Saturday, November 15, 2014

Artist of the Month: JMW Turner

-By William O’Connor

Bio pics about painters are notoriously disappointing, (The Girl With the Pearl Earring 2003, Klimt 2006, Goya’s Ghosts 2006 et al.)  There are of course a few exceptions, (Sunday in the Park with George 1984, New York Stories: Life Lessons 1989, et al.)  The reason I think for this loss in translation is the fact that the act of painting is rather boring.  Those who understand painting know that it can comprise long tedious hours of monotonous craft sitting in a chair.  This usually does not lend itself to compelling cinema and even the best films merely try to translate the beauty of the paintings into cinematography.  The opposite holds true for music, where the act of the craft is inherently theatrical and makes for excellent films, (Amadeus 1984, Walk the Line 2005, Coal Miner’s Daughter 1980, Impromtu 1991, et al.)

So I am cautiously optimistic that the new film Mr. Turner (due out in limited release this December) starring Timothy Spall will do credit to its eponymous title, the legendary artist JMW Turner (1775-1851).

Turner is regarded in the art world to be one of the greatest masters of painting.  Studying at the Royal Academy as well as in Paris Turner experienced great success with his work throughout his career.  His later work with its abstract expressionistic application became an inspiration for many of the ground breaking Modern artists of the late 19th century.  Like his paintings the man himself was regarded as an eccentric iconoclast.  His paintings often depicting the violence and kinetic energy of the new industrial revolution that was growing around him, illustrating the impressionistic movement of nature in the very forceful and animated brush strokes he used.

Today the works of Turner are some of the most valued paintings in the world.  The Tate Gallery in London boasts the largest collection, but other museums hold his works in their collections. The opportunity to see these magnificent paintings is one that should not be missed. 

For an excellent documentary of Turner watch the Power of Art episode:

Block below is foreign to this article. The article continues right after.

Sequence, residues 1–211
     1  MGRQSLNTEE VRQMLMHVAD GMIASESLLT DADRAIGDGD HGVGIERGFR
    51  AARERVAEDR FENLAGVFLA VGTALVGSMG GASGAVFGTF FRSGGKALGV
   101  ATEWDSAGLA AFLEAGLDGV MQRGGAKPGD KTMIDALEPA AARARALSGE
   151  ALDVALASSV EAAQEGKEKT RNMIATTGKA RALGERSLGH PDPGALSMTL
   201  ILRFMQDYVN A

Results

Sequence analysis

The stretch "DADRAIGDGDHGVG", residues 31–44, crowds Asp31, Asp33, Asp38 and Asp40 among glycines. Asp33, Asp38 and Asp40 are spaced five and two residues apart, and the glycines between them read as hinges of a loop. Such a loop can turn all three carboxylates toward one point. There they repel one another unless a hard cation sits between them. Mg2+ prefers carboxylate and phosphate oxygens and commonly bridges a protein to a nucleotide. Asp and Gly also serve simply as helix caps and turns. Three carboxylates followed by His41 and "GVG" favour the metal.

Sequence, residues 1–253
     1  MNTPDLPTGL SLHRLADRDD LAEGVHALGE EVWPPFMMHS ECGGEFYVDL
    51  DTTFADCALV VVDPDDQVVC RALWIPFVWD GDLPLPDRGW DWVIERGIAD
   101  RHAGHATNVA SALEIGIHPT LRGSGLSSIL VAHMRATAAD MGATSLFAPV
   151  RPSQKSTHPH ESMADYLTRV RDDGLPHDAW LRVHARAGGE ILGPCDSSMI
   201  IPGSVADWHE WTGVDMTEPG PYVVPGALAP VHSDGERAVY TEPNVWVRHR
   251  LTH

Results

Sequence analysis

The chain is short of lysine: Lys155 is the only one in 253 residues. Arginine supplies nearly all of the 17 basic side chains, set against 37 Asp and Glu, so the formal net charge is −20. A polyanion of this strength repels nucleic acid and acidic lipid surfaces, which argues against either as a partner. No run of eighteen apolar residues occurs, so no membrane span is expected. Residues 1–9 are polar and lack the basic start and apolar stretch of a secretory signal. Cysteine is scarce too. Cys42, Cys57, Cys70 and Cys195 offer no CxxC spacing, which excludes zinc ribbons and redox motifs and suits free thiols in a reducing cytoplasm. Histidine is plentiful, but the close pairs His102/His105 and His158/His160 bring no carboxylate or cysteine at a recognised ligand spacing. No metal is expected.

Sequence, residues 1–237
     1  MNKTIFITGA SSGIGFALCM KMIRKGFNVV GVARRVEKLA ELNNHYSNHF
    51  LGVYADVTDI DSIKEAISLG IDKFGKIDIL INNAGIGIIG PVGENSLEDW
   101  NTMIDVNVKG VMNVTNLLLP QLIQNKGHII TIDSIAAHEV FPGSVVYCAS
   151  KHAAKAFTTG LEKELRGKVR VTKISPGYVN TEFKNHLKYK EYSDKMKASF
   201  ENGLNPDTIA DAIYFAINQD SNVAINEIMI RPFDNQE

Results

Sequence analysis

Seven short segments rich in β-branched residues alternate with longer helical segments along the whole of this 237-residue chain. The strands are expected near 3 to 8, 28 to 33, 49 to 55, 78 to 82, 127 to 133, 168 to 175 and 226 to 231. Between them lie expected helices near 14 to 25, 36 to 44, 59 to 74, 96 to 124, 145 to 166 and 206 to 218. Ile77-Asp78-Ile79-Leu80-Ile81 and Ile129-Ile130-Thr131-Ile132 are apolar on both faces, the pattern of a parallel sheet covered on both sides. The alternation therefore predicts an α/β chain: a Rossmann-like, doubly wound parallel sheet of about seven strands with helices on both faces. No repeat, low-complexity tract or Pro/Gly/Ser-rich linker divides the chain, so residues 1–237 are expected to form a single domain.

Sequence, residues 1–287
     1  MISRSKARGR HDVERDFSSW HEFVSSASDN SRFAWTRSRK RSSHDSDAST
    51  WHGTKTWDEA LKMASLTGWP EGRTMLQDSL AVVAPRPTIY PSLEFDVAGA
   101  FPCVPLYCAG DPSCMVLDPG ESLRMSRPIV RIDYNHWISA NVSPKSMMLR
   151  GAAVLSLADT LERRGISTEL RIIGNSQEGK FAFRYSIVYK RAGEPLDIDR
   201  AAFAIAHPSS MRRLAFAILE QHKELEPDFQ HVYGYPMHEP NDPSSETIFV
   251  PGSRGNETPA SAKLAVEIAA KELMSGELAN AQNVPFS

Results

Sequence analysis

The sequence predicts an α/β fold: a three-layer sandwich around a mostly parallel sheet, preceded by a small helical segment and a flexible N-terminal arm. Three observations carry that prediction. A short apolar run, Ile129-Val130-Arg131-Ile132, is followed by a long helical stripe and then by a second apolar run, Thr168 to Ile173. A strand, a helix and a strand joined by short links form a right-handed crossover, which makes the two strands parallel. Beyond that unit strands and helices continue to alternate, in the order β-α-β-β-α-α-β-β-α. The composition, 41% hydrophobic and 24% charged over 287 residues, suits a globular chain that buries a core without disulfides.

And a clip from Mr. Turner that makes me think of Set-up day at Illuxcon:


  1. Saw this a couple of weeks ago (in the UK). Well worth seeing. You will not be disappointed!

  2. correction: Martin Scorsese's "Life Lessons" starring Nick Nolte is not a bio pic, but in my opinion is the best depiction of painting ever put to film!

  3. The positive consensus and that film clip sold it for me! Can't wait! The gentlemanly animosity between Constable and Turner was fantastic. In a cinematic market of fantastic galactic spectacles this will be a pleasant change of pace.

    1. Indeed. Fun to see the politics of art hasn't changed. All friends and rivals.

  4. I saw the trailer for that film the other day and it didn't grab me, but that clip was so much fun! It brought me back on board. The trailer definitely didn't do it justice.

    1. A fun scene: A flattering word to the directors, a friendly joke with old colleagues, an encouraging word to the young aspiring artist, a happy salutation to the artist in the "little room", and a cold but respectful grunt to his rival Constable. Constable's big flashy painting right next to his little seascape. Turner sees its excellent. Turner knows that Constable knows that its excellent, but won't give him the satisfaction of saying it. Artist ego, rivalry, pride and comraderie all in one little scene. Lovely.

  5. First off, Thanks for clearing some of this stuff up. As a pre-professional artist I find this stuff super interesting and useful to know.

    With that being said, I think there might be a slight typo in the bit about Donato's LotR art book. Or if not, Congrats Dan! I'm not sure how you did it (some how made Donato's book with his art about your art) you crafty magician you!

    But yeah, thanks for the article, I enjoyed it greatly!

    1. I didn't write about Donato's book, possibly a different contributor.


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